Korean sailor makes waves for End Polio Now
Enjoying calm winds and peaceful Pacific waters, Seung Jin Kim dove off his 43-foot sailboat, the Arapani, to swim with some dolphins nearby. The serenity that day near the equator was a stark contrast to the 60 mph winds and 23-foot waves he had to fight around Cape Horn, the southern tip of South America. But Kim, a veteran sailor and member of the Rotary Club of Seokmun, in Chungcheongnam, Korea, expected such challenges when he set out in mid-October on a 25,600-mile journey around the world. In addition to fulfilling a lifelong dream, Kim is using the trip to raise awareness and funds...
Monrovia club’s Ebola fight not finished
After the first cases of Ebola reached Liberia's capital, Monrovia, last June, local Rotary members feared that the city's limited health care system wouldn't be able to contain the highly infectious, often-deadly disease. Those fears were realized when infections quickly multiplied, underscoring the speed with which Ebola can spread in an urban center. It was the first time the hemorrhagic fever had threatened a major city since it erupted in West Africa last March. Now, after months of crisis-level response, and with the number of new cases declining, club members are looking to the long...
Rotary member takes fundraising to new heights -- the summit of Mount Everest
Despite his longstanding interest in polio eradication, polio was not on Joe Pratt's mind as he prepared for a mid-April 2012 climb of Mount Everest, the highest mountain on earth. But that changed in late 2011, when the resident of Nottingham, New Hampshire, USA, participated in a polio immunization project in Pakistan with fellow Rotary member Steve Puderbaugh. Moved by the efforts of the Pakistanis to battle the crippling disease, and by the vulnerability of the young victims, Pratt reset the focus of his climbing adventure. Pakistan is one of three countries where polio has never been...
What's Happening Now!
on Mar 10, 2015
The Rotary Foundation: Why It’s Special
Teree Bergman, Past Rotary Governor (District 6580)
Assistant Regional Rotary Foundation Coordinator
As is true of nearly all Rotarians, I have belonged to and served on the boards of many worthy organizations: Big Brothers/Big Sisters, United Way, community foundations. I had only one rule in my service to those worthy causes: I am not good at raising money, so don’t put me in charge of fundraising. I served as a Big Sister, I donated time and talent to the others. But somehow, I have never been troubled by asking for donations to The Rotary Foundation. After some reflection, I think I know what the differences are between those other organizations and The Rotary Foundation.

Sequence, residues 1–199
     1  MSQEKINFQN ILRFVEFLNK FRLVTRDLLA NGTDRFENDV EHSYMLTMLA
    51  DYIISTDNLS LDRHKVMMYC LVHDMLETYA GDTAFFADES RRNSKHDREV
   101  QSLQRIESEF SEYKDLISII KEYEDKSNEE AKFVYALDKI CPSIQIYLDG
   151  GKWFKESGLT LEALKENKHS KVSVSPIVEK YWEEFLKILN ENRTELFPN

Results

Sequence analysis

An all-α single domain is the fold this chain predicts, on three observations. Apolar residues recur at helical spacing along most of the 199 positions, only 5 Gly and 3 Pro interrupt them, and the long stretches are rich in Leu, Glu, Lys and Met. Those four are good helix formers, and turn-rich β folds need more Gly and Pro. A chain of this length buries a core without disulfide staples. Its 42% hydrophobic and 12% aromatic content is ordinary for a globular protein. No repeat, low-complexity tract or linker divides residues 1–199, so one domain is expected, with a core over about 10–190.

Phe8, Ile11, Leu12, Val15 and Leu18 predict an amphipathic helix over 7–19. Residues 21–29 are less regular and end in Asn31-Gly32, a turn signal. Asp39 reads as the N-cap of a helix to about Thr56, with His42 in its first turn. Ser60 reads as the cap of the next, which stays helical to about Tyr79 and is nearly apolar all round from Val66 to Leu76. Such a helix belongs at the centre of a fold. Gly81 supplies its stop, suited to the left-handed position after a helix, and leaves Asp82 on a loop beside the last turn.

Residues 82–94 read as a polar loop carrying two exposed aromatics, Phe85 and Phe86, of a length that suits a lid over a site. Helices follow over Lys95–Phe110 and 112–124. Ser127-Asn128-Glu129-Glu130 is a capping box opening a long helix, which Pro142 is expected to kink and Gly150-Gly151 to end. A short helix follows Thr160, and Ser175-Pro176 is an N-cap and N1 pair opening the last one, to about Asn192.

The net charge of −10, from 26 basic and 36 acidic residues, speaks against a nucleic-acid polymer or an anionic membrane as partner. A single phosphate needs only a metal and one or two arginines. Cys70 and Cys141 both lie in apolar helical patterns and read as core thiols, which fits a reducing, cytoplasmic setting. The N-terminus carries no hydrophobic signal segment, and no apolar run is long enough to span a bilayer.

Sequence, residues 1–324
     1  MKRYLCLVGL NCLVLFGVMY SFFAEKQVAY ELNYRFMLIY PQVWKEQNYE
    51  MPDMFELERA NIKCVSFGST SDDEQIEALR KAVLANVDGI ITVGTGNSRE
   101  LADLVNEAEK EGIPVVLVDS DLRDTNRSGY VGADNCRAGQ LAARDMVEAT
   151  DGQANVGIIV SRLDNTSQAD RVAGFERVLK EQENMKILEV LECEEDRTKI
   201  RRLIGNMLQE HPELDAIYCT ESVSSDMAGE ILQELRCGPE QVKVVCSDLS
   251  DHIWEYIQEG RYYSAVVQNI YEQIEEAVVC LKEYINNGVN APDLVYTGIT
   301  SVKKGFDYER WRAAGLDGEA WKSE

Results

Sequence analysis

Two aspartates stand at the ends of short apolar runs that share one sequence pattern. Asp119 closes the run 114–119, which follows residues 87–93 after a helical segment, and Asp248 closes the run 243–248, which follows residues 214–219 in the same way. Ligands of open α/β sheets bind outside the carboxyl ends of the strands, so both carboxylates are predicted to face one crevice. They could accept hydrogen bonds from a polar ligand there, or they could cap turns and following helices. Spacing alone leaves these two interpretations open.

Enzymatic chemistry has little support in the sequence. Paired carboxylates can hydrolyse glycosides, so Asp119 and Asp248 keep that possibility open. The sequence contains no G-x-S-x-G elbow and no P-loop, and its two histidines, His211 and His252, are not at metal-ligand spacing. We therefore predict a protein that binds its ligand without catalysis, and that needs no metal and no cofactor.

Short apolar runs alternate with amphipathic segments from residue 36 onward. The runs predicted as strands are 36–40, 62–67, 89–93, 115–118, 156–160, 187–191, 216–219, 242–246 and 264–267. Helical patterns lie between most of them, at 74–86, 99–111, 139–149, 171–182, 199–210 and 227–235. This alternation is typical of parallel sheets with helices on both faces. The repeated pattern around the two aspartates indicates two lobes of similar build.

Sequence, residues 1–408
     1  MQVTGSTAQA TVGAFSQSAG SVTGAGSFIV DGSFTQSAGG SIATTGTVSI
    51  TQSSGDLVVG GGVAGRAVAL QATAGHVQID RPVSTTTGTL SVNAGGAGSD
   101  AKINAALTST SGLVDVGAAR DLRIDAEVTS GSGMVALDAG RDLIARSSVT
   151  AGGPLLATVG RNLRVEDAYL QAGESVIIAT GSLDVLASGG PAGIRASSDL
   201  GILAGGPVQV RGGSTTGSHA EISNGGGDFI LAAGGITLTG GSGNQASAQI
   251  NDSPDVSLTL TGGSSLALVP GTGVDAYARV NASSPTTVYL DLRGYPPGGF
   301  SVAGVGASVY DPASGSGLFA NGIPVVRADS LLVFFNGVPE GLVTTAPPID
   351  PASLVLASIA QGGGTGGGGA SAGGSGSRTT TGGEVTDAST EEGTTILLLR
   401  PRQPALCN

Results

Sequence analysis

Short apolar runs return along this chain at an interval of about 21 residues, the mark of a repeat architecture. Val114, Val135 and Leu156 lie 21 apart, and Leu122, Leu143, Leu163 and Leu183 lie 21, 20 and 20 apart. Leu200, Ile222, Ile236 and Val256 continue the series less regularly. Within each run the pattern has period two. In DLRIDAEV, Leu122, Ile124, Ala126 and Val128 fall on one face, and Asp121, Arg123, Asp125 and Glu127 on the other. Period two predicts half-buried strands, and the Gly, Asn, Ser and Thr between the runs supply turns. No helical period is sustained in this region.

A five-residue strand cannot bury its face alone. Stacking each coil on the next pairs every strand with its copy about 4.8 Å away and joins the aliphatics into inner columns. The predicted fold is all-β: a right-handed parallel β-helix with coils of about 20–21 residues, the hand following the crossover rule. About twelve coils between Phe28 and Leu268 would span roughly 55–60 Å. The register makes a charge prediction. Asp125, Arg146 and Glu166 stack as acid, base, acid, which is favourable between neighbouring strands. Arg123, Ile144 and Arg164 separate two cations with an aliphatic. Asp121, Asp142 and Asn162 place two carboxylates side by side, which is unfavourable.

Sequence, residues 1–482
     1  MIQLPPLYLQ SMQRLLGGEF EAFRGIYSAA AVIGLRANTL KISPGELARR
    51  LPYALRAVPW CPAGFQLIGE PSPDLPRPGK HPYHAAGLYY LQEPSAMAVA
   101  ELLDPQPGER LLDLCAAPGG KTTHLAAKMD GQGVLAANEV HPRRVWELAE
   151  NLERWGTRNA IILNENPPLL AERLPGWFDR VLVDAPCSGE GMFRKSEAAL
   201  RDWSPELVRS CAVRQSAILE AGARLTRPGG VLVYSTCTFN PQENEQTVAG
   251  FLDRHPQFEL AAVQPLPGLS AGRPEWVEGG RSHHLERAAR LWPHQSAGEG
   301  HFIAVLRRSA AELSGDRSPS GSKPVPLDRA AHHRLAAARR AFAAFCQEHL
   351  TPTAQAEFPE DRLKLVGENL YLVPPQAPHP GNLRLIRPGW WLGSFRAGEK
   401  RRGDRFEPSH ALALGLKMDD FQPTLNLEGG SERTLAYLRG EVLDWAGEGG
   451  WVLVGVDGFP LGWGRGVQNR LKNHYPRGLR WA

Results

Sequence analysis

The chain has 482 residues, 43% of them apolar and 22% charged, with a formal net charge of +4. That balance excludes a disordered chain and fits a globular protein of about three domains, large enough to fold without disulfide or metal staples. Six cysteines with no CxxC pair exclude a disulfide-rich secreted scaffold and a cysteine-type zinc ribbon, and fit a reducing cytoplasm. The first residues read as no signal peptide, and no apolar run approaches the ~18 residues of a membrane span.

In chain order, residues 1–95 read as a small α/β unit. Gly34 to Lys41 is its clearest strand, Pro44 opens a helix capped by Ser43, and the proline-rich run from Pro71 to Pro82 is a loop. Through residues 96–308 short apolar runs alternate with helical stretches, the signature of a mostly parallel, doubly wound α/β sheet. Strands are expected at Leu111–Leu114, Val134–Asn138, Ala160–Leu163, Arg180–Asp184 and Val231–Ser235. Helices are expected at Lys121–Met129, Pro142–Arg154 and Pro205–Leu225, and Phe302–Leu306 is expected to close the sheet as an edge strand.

The primary difference is that it is OUR Foundation. Why would you join a Rotary Club and not donate to our charitable arm? It’s different from asking outsiders for money (although I’ve done that, too, for The Rotary Foundation). If you ask a person the reason for belonging to Rotary, it is likely that the answer will contain some element that is related to The Rotary Foundation. She belongs because Rotary is eradicating polio. He belongs because Rotary is bringing clean water to a village and saving lives. She belongs because Rotary is giving the gift of literacy to children in the US and in other countries. He belongs because his club provided a playground for special needs children in his own community, using a District Grant.
Another difference for me is that the Rotary Foundation’s activities are personal. I got the opportunity to go to West Africa and put the precious drops into the mouths of babies and know that because of MY effort, those babies would not get polio. I have housed Group Study Exchange team members from Nigeria, from Brazil, from New Zealand in my home. I could see how their horizons were broadened, how their perceptions of the United States were changed by their experience. I have met team leaders who went to other countries and saw themselves as people empowered to solve local problems through Rotary Foundation grants. I was able to host Monica Kinyua in my home. She is involved with a wonderful peace initiative to bring together warring tribes in Kenya by helping the children to see that they are more alike than they are different.
Those experiences are powerful examples of how the Foundation touches lives. It is really clear to me that even if I can afford only $100 or $200 in a given year, my gift is multiplied into something really meaningful. The Rotary Foundation gives me the chance to make my small contributions turn into something much bigger, to be a part of an enormous humanitarian effort. Recently, I listened to Marilyn Fitzgerald tell her story of changing thousands of lives in Indonesia. Rotary enabled her to use her considerable skills in ways she never could have imagined had she not led that GSE team to Bali. Now, through our Vocational Training Teams, we are bringing even more concentrated resources to solve problems in places with great need.
The final difference I see is that unlike most large charities, The Rotary Foundation lets me help decide how my money is spent. I can apply for a grant through my Rotary Club for a project either at home or abroad. I can go to Africa and inoculate children against polio. I can house extraordinary people who are doing good in the world, cook them dinner, and learn about their work.
So, reluctant fundraiser that I am, I will gladly ask anyone to support The Rotary Foundation of Rotary International. It is my charity of choice, and I believe strongly in its work.
Posted by Brenda Cressey
on Mar 03, 2015
Several members have begun to serve on the 2015-16 Committees for the Rotary Golf Tournament and the Winemaker's Cookoff. If you have an interest in getting involved please contact the chairs.
Rotary Golf Tourney: Rick Goree
Rotary Winemaker's Cookoff: Sharon Ross or Vicki Silva